Big May Match at Midlands in Ireland
The NRA of Ireland (NRAI) invites shooters to the inaugural F-Class Emerald & Ireland Long Range Challenge, to be held at the Midlands National Shooting Centre of Ireland (MNSCI), May 30 through June 1, 2014. The Long Range Challenge will be shot at 1100 and 1200 yards on May 30, followed by the Emerald match on May 31 – June 1. The Emerald will be shot at 800, 900, and 1000 yards, complete with a shoot-off for the top 10 competitors.
Guns of EIRE
Here are the custom guns crafted for the FCWC 2013 F-TR Team Ireland. Compliments to Francie McFadden of NGSS and Edi Graeff of PSE Composites for the work. (Photo courtesy of the UK Varminting website.)
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Sebastian (“Seb”) Lambang is a really smart guy, a gifted machinist/fabricator, and a very innovative designer. If Seb worked in the auto industry, we’d probably all be driving flying cars by now.
Seb has just invented another really good product — a heavy, sand-filled mat for bipod use. We’ve christened this the ‘Pod-Pad™, and we think a lot of folks will want one. While the ‘Pod-Pad was designed for use with the SEB Joystick Bipod (“Joy-Pod”), it will work with other modern bipods (such as the Remple, the Sinclair, and the EVO). Inside the green fabric cover is sand plus a thin layer of neoprene. This allows the bipod feet to slide easily during recoil, and it also provides damping (and energy absorption) to reduce hop and torque.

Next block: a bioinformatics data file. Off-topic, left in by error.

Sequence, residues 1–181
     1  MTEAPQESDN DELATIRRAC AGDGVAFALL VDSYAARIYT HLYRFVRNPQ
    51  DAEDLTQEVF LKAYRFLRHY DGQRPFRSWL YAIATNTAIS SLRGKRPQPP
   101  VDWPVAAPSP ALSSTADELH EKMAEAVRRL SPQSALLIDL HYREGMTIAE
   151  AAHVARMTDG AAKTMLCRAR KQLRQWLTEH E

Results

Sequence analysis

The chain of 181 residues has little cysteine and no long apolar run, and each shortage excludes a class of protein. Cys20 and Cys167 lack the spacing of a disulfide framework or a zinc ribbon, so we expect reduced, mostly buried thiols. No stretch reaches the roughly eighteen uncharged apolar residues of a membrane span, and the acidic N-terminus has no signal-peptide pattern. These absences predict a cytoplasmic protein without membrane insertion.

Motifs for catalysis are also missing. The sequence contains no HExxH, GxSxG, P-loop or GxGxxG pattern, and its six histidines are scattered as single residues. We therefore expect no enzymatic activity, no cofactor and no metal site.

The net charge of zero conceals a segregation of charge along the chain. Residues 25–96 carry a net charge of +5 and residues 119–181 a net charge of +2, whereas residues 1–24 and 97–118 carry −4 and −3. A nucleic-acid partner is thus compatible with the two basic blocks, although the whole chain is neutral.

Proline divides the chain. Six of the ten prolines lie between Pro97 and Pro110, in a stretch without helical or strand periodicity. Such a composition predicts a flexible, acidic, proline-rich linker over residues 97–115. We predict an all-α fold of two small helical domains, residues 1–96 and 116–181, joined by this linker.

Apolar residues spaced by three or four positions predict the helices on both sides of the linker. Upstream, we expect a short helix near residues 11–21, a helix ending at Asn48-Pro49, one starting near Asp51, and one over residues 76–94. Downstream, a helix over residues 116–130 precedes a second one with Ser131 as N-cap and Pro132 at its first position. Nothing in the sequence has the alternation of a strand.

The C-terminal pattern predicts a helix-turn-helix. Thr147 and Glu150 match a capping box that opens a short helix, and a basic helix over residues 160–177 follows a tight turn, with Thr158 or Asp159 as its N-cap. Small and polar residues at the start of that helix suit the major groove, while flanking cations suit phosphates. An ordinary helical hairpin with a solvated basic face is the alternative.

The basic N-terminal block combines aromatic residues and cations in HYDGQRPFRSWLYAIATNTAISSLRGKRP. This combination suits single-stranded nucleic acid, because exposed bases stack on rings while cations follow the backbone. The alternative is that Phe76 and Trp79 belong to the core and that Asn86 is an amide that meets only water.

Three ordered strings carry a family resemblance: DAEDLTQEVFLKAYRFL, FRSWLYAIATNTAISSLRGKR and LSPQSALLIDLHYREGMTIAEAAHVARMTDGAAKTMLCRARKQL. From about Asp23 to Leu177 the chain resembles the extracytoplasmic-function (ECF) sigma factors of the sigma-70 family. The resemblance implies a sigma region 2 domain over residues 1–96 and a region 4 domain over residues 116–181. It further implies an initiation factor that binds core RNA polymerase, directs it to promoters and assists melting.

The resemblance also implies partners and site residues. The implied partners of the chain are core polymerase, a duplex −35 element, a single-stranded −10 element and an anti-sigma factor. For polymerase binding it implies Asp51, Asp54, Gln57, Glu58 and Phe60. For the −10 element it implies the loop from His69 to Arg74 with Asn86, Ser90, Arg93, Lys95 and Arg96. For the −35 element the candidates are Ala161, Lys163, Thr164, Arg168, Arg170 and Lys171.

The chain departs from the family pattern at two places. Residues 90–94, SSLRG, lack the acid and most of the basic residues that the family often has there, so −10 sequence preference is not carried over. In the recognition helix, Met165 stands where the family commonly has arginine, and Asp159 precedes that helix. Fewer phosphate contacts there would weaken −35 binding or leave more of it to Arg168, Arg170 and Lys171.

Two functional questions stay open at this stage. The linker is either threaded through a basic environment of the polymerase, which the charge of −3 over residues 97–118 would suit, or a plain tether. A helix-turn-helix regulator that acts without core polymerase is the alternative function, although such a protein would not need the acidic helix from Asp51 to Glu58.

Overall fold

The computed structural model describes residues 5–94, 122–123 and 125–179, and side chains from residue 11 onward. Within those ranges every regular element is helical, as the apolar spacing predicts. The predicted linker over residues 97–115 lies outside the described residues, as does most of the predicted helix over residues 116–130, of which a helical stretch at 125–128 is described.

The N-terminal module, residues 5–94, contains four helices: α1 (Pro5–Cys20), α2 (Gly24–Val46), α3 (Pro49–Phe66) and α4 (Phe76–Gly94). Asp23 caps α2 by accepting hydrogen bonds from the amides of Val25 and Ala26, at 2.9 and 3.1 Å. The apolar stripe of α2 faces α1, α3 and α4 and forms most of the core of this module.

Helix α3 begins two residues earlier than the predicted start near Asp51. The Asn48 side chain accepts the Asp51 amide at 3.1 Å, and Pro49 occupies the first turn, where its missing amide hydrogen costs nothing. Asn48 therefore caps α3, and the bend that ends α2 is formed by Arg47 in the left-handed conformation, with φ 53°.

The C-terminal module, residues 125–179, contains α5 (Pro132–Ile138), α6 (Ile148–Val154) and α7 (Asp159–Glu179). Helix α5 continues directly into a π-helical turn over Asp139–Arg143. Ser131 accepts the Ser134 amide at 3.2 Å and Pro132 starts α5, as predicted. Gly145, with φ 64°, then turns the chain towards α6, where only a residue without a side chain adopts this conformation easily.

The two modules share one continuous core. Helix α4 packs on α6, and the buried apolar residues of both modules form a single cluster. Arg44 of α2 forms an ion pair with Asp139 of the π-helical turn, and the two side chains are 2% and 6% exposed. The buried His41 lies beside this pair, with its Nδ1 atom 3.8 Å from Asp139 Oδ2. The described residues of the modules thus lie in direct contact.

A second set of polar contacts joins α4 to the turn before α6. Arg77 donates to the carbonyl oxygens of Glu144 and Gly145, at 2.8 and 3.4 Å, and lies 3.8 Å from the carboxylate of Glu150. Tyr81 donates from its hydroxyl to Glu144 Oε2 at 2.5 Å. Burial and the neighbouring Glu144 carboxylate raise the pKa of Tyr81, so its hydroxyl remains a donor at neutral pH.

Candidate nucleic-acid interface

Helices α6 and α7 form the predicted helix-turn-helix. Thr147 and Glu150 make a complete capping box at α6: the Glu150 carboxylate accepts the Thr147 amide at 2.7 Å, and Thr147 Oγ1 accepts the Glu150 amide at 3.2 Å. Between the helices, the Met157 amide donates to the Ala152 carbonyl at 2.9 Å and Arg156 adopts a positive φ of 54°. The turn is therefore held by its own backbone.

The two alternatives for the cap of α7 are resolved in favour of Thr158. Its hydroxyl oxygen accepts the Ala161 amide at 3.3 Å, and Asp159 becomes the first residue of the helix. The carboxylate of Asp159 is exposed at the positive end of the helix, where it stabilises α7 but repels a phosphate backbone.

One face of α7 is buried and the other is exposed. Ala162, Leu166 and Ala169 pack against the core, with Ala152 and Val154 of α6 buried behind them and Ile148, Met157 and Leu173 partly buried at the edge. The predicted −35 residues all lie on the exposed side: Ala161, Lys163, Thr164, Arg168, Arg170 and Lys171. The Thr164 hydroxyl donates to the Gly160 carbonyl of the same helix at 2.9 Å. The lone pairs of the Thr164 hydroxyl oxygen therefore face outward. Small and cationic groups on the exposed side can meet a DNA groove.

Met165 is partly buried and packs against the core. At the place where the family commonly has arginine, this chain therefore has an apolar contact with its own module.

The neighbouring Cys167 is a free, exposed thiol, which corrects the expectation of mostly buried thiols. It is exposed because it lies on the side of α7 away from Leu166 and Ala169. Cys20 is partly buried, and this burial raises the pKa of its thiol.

Seb reports: “This is still a prototype mat, but I believe it works great. The carrying handle is the black belt in the middle of the mat, so it is easy to haul. There is a layer of 1/4″ thick neoprene under the slick microfiber on the top. This way the feet will slide smoothly and won’t sink, helping the rifle to maintain elevation. This heavy mat should be legal under the rules. It is not a rigid board, it can be folded.”
Watch Joystick Bipod (Joy-Pod) Used with NEW Sand-filled ‘Pod-Pad:
Seb tells us: “In this video, I am shooting my friend’s tactical rifle with the new Joy-pod, just to check how the bipod and mat work under recoil. The bipod and mat combo should work much better with a true F-TR gun. The new-generation Joy-pod has better internals and it’s more rigid. We should have the next shipment of Joy-pods ready around mid-April 2014″. Seb notes that the new Joy-pod has longer feet — more like actual skis. These can also be adjusted slightly for tilt/angle. The longer feet do seem to slide smoothly on recoil with much less hop.
The new generation Joy-pod will have a quick-detach (QD) option for mounting on a Picatinny rail. The quick-detach lever can be located on the right hand side (as shown above) or left hand side, tightening either forward or rearward as the shooter prefers.
For USA price list and more information, please contact:
ernieemily @ yahoo.com